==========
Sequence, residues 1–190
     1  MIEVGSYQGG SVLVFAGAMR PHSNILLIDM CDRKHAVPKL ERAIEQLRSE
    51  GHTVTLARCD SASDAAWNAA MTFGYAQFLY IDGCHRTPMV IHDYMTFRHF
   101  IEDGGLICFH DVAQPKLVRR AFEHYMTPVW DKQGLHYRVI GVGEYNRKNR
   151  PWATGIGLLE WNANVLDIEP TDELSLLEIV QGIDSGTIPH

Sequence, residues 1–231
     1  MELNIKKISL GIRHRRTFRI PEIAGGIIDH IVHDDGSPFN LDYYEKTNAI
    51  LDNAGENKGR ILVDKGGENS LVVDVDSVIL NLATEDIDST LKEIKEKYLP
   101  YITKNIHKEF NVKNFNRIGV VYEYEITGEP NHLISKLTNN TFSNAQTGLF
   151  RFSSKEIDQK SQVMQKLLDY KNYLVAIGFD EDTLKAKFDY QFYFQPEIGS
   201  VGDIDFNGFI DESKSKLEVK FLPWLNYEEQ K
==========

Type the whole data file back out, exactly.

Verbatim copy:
Sequence, residues 1–190
     1  MIEVGSYQGG SVLVFAGAMR PHSNILLIDM CDRKHAVPKL ERAIEQLRSE
    51  GHTVTLARCD SASDAAWNAA MTFGYAQFLY IDGCHRTPMV IHDYMTFRHF
   101  IEDGGLICFH DVAQPKLVRR AFEHYMTPVW DKQGLHYRVI GVGEYNRKNR
   151  PWATGIGLLE WNANVLDIEP TDELSLLEIV QGIDSGTIPH

Sequence, residues 1–231
     1  MELNIKKISL GIRHRRTFRI PEIAGGIIDH IVHDDGSPFN LDYYEKTNAI
    51  LDNAGENKGR ILVDKGGENS LVVDVDSVIL NLATEDIDST LKEIKEKYLP
   101  YITKNIHKEF NVKNFNRIGV VYEYEITGEP NHLISKLTNN TFSNAQTGLF
   151  RFSSKEIDQK SQVMQKLLDY KNYLVAIGFD EDTLKAKFDY QFYFQPEIGS
   201  VGDIDFNGFI DESKSKLEVK FLPWLNYEEQ K